This was Orson Welles favourite of his own movies, and if you can take it more as a comedy than anything else and can manage to swallow the horrible Shakespearean theatrical acting, then this film is a fine watch i would guess. This is Orson Welles being pretentious as he knew really well how to be, and he has ridden himself of his old innocence of not knowing how to make a film which lead to the classic Citizen Kane's creative film making, this is Welles incorporating academic film making, it only gets somewhat redeemed in that it is an European production which results in him working with better actors and location, then he probably otherwise would have.
La expresión de Falstaff en la marca de 1:45:52 (en Criterion Channel), es lo que hace ésta la obra maestra de Welles, ese sencillo momento está tan cargado de dolor (un dolor que retumba más allá de las paredes de la ficción), que es imposible no quedar sacudido, una de los momentos actorales más impresionantes que he visto en pantalla.
Ésta es la película (criminalmente infravalorada) que Orson Welles nació para crear, es un torbellino artístico incontenible dentro de una figura que Shakespeare escribió, pero que el director originario de Winsconsin personificó dentro y fuera de la pantalla a la perfección, ésta es sin duda alguna la mejor adaptación al cine que he visto del Bardo.
Chimes at Midnight es…
Absolutely one of the best films I’ve seen in years. Chimes is an at-times hilarious adaptation of Shakespeare’s Henry IV, from the perspective of his recurring Sir Falstaff character — who Orson Welles embodies off the page and treats as delicately and as self-deprecated as he does with Quinlan in Touch of Evil. It is a magnificent reinterpretation of how most classic and contemporary takes on the Bard handle his dialogue, this time as poetry and not prose like we’re used to, and doing so heightens the comedy, emotion and context of how certain words are simply inflected. Packed with an insane amount of envelope-pushing location shooting, production design and close-ups, culminating in a showstopping battle comparable to Battle of the Bastards or Braveheart, this is one of Welles’ greatest films. Very ahead of its time.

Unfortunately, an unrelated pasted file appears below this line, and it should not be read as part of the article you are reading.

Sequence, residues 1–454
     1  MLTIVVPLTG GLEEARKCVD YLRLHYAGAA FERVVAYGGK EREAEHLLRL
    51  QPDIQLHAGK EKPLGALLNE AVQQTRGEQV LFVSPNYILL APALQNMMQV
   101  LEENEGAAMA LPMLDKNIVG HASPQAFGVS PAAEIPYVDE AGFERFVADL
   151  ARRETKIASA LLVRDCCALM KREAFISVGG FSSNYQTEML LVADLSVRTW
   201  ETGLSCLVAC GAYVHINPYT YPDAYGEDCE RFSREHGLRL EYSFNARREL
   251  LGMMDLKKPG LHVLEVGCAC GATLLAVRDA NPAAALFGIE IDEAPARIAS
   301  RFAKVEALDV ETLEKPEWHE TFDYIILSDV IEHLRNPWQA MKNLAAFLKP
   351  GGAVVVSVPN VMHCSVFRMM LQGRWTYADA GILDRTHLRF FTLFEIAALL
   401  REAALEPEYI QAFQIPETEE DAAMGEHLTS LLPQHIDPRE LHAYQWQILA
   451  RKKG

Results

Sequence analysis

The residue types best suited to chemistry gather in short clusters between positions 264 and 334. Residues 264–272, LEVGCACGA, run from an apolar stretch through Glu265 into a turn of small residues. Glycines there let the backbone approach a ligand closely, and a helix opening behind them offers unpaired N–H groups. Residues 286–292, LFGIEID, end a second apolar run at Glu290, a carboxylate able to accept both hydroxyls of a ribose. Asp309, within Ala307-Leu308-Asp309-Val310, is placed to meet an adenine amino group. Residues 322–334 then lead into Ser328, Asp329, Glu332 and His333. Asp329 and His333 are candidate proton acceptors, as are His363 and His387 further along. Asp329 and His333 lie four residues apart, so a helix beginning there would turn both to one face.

This is a shakespear plan on screen.
Its not my cup of tea,
All that Orson Welles touches turns to gold.
Chimes at Midnight was Orson Welle’s lifelong dream. He has been quoted as saying that it is both his crowing cinematic achievement, and his favorite performance of his career. While I still think that Citizen Kane is a more entertaining film, it is hard to deny the marvel that is Chimes at Midnight. The cinematography is amazing, especially the use of deep focus, and also handheld cameras in the fight between Hotspur and Hal. Welles’ performance as Falstaff is amazing, and probably is the best of his career. Overall, a very well made film that I enjoyed my time with.
Parece que nesse filme Orson Welles encontra o equilíbrio que sempre almejou em sua carreira. O equilíbrio entre contribuir ao estudo da Linguagem e da narrativa e entreter o público ao mesmo tempo. Muitos de seus filmes anteriores como A Dama de Shanghai não conseguem divertir o telespectador comum como aqui.
juliodogpit 600 films
*New and better methodology. *Normalized distribution of more recent films. *Better approach resulting in less american bias. *Used specific…